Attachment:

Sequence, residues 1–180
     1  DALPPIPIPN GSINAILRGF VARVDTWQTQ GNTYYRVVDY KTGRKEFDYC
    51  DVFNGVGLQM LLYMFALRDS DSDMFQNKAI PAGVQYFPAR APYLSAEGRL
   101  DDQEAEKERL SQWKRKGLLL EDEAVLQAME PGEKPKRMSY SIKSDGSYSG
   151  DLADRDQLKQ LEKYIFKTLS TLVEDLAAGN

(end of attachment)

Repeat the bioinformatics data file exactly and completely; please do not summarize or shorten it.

Sequence, residues 1–180
     1  DALPPIPIPN GSINAILRGF VARVDTWQTQ GNTYYRVVDY KTGRKEFDYC
    51  DVFNGVGLQM LLYMFALRDS DSDMFQNKAI PAGVQYFPAR APYLSAEGRL
   101  DDQEAEKERL SQWKRKGLLL EDEAVLQAME PGEKPKRMSY SIKSDGSYSG
   151  DLADRDQLKQ LEKYIFKTLS TLVEDLAAGN